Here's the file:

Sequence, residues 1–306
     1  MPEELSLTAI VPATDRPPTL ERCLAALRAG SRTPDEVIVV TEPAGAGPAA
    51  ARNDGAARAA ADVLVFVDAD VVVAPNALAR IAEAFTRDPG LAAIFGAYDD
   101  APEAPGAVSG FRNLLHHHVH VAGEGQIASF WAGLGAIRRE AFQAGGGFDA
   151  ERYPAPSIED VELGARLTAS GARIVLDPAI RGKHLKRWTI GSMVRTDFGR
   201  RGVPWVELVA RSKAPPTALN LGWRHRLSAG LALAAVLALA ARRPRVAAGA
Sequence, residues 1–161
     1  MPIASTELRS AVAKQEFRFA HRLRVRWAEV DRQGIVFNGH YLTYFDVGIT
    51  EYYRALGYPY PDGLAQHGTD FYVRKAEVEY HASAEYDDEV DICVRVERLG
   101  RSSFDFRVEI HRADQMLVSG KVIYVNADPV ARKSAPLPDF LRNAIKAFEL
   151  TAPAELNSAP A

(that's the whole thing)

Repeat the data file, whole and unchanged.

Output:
Sequence, residues 1–306
     1  MPEELSLTAI VPATDRPPTL ERCLAALRAG SRTPDEVIVV TEPAGAGPAA
    51  ARNDGAARAA ADVLVFVDAD VVVAPNALAR IAEAFTRDPG LAAIFGAYDD
   101  APEAPGAVSG FRNLLHHHVH VAGEGQIASF WAGLGAIRRE AFQAGGGFDA
   151  ERYPAPSIED VELGARLTAS GARIVLDPAI RGKHLKRWTI GSMVRTDFGR
   201  RGVPWVELVA RSKAPPTALN LGWRHRLSAG LALAAVLALA ARRPRVAAGA
Sequence, residues 1–161
     1  MPIASTELRS AVAKQEFRFA HRLRVRWAEV DRQGIVFNGH YLTYFDVGIT
    51  EYYRALGYPY PDGLAQHGTD FYVRKAEVEY HASAEYDDEV DICVRVERLG
   101  RSSFDFRVEI HRADQMLVSG KVIYVNADPV ARKSAPLPDF LRNAIKAFEL
   151  TAPAELNSAP A